They are the often unseen workhorses that power modern computing, and the devices workers use to get their jobs done: batteries.
Feb. 18 is National Battery Day, the unofficial holiday designed to show appreciation for the convenience of batteries, without which modern notebooks, smartphones, tablets and other critical office equipment would not be able to function.
Batteries have a long history, dating back to 1800 with Alessandro Volta's invention of the first battery, which came to be known as the voltaic pile. In 1836, British chemist John Frederic Daniell created the first practical battery with the Daniell cell. Then, in 1859, Gaston Planté invented the lead-acid battery, the first battery that could be recharged via passing a reverse current through it. The modern lithium-ion batteries that power laptops and smartphones were invented in the 1980s, and Sony commercialized the lithium-ion battery in 1991.
Since then, battery technology has largely been stuck. Technology companies have invented ways to recharge batteries faster, but lithium-ion batteries remain the main industry standard for powering electronic devices. Researchers and tech companies are trying to push the envelope with advances in battery technology that will make them more efficient.
Here is a roundup of some of the latest developments:
Lithium-Metal Batteries Show Promise
SolidEnergy Systems has developed a lithium-metal battery, which, as MIT Technology Review reports, "has a metallic anode, rather than the graphite material used for the anode in traditional lithium-ion batteries."
The company's batteries could offer much better energy density over today's devices, the publication notes. However, it is unclear if or when they might be commercialized.
"In terms of moving from an idea to a product," Qichao Hu, the founder of SolidEnergy Systems, tells MIT Technology Review, "it's hard for batteries, because when you improve one aspect, you compromise other aspects."
New Battery Technology Combines the Best of Both Worlds
Joy tells Wired that the company's technology combines "the advantages of the familiar alkaline batteries we buy at the drugstore (cheap, safe and reliable) with those of the more expensive, fire-prone lithium batteries in our computers and phones (powerful, rechargeable and more earth-friendly)."
Ionic's batteries replace the liquids common in lithium-ion batteries with a polymer, according to Joy. "It also turns out that this polymer just happens to be essentially a fire-retardant material," he says. "So, when you build batteries with this polymer, you don't have a safety problem." Using the polymer also essentially makes the battery into an alkaline battery that can be recharged like a lithium-ion battery.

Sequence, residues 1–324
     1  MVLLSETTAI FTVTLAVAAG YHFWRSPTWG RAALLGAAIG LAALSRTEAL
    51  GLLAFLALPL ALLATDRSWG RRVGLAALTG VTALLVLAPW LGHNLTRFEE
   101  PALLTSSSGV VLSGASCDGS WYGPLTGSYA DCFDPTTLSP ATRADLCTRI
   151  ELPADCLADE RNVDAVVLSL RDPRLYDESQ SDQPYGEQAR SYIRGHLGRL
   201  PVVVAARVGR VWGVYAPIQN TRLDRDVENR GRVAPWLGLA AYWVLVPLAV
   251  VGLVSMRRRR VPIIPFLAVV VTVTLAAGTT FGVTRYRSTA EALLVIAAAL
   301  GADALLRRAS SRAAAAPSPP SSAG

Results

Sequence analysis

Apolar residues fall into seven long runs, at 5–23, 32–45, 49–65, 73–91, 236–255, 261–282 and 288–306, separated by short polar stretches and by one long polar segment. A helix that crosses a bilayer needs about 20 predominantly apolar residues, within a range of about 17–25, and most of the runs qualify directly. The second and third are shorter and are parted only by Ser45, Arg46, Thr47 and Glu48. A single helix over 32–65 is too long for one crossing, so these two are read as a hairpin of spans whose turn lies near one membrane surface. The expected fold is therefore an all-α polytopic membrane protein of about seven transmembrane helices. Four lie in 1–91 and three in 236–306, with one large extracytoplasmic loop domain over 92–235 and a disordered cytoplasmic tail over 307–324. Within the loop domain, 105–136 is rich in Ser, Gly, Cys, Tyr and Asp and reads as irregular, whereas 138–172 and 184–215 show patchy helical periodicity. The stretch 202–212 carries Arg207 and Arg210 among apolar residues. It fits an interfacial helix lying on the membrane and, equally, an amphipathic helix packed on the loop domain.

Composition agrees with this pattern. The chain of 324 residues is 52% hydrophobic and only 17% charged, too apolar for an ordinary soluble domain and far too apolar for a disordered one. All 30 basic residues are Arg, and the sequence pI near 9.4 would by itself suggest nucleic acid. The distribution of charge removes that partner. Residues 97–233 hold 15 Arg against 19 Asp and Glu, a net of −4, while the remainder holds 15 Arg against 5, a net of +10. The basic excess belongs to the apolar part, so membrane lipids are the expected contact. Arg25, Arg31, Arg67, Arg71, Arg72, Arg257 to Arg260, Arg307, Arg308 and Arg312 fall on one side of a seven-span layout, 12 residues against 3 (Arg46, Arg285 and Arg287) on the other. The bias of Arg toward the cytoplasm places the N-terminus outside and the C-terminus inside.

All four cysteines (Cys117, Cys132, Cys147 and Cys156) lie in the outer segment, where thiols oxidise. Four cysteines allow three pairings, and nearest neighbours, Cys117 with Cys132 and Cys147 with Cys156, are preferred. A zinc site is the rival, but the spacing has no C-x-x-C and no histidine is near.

Companies could use this technology to improve their lithium-ion batteries, Joy says, but in the long run, Joy tells Wired, "advanced alkaline — the chemistry used in the ones you buy in the drugstore [that have been] made rechargeable — has a chance of upending the reign of lithium-ion batteries, because the materials are cheaper," he says to Wired.
"You can potentially make alkaline batteries with aluminum. We've made some. We don't have as many cycles as we need yet, but, you know, we're working on it," he adds. "We think that ultimately things like aluminum-alkaline batteries will meet the performance of lithium, but with abundant materials and way cheaper. And it's also recyclable."
Joy, who spoke to Wired in August, believes that new battery technology could enable a smart grid by providing low-cost solutions that can power renewable energy sources such as wind and hydroelectric. But he warned that it might be two or three years before the technology is generally available.
Samsung Promotes Graphene Ball Tech
Samsung Advanced Institute of Technology said that by using graphene ball material to make batteries it will increase existing batteries' capacity by 45 percent and increase their charging speed by five times. Lithium-ion batteries take an hour to fully charge, but this will be reduced to 12 minutes with the new tech, Samsung notes. SAIT has filed two applications for the graphene ball technology patent in the United States and South Korea.